Not quite. One can safely assume that Moscow dictates the, call it “new order” or the “new status quo” in Idlib. And at that, effectively getting in between the Turkish Armed Forces and the Syrian Arab Army. No more, no less and temporarily. Compared to a potential full-blown Turco-Syrian war, encouraged first and foremost by the U.S., it is no small feat either.
The assumption of those who predicted a sudden death to Erdoğan-Putin bromance is proven to be only wishful thinking. The two leaders, as shared with the public by Kremlin’s spokesperson Peskov are slated to meet in Moscow either on the 5th or the 6th of March. How many more Syrian Air Force Soviet made attack jets will be downed by then is anybody’s guess. The tally stands at three at present time.
Title is from a song by Sheffield band Pulp’s well known 1995 debut album: “Mis-shapes, mistakes, misfits / Raised on a diet of broken biscuits, oh…” With a sleight of hand replace “biscuits” with “promises” and there you have it, a concise executive summary of Erdoğan’s Syria and Libya policies.
The art of diplomacy, among other things, is to create time and space for a rationale within the possible outcomes. That would be in this case, for the recently heavily fortified TAF observation posts establish a new frontier line leaving the control of the M4 and the M5 highways together with all the towns along them to Damascus and keep a much narrower pocket including the Idleb town to host the almost a million Syrian IDPs and hence allowing them conditions not push for the Turkish border.
Bana, on her term, travelled numerous times from Istanbul to Misrata than to Genoa and so forth. Recently though, the French aircraft carrier Charles de Gaulle sailed through the disputed eight parcel declared by Greek Cyprus and, “to add insult to injury”, also topped its flag displaying mission by monitoring the same Bana being escorted by Turkish navy fregates to Libya. Before AFP had time to break the news, President Macron had already denounced Turkey as breaching the UN imposed arms embargo to Libya.
I have no single bit of sympathy at all for this ridiculous Trumpian unilateral MEPP that makes a mockery of diplomacy and the Palestinian land. But I do worry about the fact that Turkey carries no weight to dictate its will upon all the rest of the world. For that matter, no other power, be it regional or global, not even the U.S. enjoys that sort of latitude. There is no need for Ankara to constantly pick unnecessary fights while in the meantime there is no shortage of conflicts that Turkey’s national security all around it.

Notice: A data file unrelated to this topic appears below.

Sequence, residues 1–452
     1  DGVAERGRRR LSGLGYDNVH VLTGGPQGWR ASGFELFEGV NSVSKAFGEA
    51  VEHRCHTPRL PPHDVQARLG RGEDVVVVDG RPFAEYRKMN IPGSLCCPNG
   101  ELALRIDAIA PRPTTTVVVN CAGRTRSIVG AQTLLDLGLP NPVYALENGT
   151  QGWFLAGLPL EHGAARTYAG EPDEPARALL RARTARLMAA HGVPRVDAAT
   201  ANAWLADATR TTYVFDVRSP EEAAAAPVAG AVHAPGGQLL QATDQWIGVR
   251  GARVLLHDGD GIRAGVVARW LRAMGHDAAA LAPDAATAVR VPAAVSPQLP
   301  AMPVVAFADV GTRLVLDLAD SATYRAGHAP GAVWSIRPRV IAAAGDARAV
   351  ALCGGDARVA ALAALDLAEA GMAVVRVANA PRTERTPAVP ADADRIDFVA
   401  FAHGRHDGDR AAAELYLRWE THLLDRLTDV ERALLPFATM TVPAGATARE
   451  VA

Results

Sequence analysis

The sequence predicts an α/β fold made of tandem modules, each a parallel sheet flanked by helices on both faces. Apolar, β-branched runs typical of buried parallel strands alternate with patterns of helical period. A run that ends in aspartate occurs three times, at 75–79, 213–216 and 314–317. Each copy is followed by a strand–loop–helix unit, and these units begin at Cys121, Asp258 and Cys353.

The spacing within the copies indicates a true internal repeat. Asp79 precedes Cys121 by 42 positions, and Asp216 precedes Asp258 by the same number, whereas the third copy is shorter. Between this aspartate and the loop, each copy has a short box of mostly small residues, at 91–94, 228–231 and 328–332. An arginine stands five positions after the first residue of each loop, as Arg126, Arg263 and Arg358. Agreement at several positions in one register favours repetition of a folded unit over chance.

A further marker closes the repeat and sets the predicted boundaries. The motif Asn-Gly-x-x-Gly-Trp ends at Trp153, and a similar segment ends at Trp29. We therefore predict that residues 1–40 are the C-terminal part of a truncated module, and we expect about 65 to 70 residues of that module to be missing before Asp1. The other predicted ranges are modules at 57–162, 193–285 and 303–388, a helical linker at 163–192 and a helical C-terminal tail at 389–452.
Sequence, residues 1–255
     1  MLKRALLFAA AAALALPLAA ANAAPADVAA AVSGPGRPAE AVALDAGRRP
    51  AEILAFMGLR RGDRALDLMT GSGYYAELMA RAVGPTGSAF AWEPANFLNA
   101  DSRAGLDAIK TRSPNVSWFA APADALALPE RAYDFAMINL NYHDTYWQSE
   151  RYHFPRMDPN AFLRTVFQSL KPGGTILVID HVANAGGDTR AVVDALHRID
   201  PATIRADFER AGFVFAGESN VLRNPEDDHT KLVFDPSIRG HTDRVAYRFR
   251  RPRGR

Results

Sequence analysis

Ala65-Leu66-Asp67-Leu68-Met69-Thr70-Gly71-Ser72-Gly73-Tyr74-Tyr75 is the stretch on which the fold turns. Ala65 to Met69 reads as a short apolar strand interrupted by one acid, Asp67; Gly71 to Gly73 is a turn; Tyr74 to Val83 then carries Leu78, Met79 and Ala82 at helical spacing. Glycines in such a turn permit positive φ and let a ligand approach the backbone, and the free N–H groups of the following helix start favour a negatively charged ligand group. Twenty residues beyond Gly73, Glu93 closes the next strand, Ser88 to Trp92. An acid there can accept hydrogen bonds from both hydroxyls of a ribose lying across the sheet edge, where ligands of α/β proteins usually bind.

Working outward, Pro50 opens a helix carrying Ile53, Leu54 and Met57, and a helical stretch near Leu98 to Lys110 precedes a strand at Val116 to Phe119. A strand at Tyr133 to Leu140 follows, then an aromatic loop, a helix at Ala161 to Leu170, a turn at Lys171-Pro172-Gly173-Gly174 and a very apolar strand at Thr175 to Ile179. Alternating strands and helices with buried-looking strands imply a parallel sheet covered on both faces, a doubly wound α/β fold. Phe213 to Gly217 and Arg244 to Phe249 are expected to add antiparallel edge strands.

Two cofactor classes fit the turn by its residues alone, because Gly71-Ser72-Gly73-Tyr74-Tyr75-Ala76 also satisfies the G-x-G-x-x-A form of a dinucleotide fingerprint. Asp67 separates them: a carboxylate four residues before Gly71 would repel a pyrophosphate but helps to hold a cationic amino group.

Today, a shaky hodge-podge opposition coalition of sorts seems to have emerged following the metropolitan municipality victories in 2019, first and foremost winning the prized duchy of Istanbul among them. Now, the secularist nationalists and muslim democrats with the Kurds and leftists suspiciously eyeing but soldiering on with them have a quite clear shot at the presidency in 2023 the latest -in ceteris paribus conditions.
The outcome of the Berlin Conference on Libya is anybody’s guess and whether it will make any difference is anybody’s guess as well. The safest bet is to claim that we are just starting a long de-escalation period with its inevitable ups and downs unless General Hafter manages to upend it militarily.
President Erdoğan’s combative foreign policy appears to let off steam and slow down on both Syrian and Libyan fronts. It is too early to tell whether finally reason had found a foothold in Ankara. For Mr. Erdoğan the hardest bit to tackle in 2020 will be the U.S. President’s repeated invitation for the NATO’s mission to be expanded to the Mid East and namely to Iraq.
Turkey, if it stops short of going all in in Libya and taps into its long forgotten diplomatic arsenal, has a unique opportunity to step forward with its home brew de-escalation efforts. President Erdoğan already had both Mr. Rouhani and Mr. Saleh on the phone. Briskly, Ankara can step forward and play on both its hundreds year long relations with Teheran and its half a century old NATO membership.
Mr.Erdoğan went to Tunisia but came back empty handed following his meeting with his counterpart Mr.Saied. The joint diplomatic, military, intelligence team that was dispatched to Moscow got no deal after three days long talks. Italy, Britain, France and Germany are seriously considering imposing a No Fly Zone which will definitely put a hold to armed drones provided by Turkey to GNA.
Vienna, no need to be a historian to reach that conclusion, is an imperial capital. Coming from Istanbul, I can’t help but think about the parallelism of these two cities being amputated of their respective empires almost simultaneously at the end of World War I.
Ankara went ahead and put the pedal to the metal in all files. No restraint, no consultation, no foresight: Just jump in head-on wherever, whenever you see trouble. Why? Simply because it almost always paid off at the ballot box. Second, there was no payback, no price tag attached to any of all these reckless foreign policy moves, manoeuvers and adventures.
So here I was back at heart of the blob. Or alternately, here I was knee-deep back in the swamp. Ten years ago this city was sort of abuzz. This time though, if President Macron kindly allows me to borrow the description he recently used for NATO, DC appeared to me sort of “brain-dead”. A good friend who had navigated these treachourous waters for decades had warned me that I would come to witness “the demise of an empire.”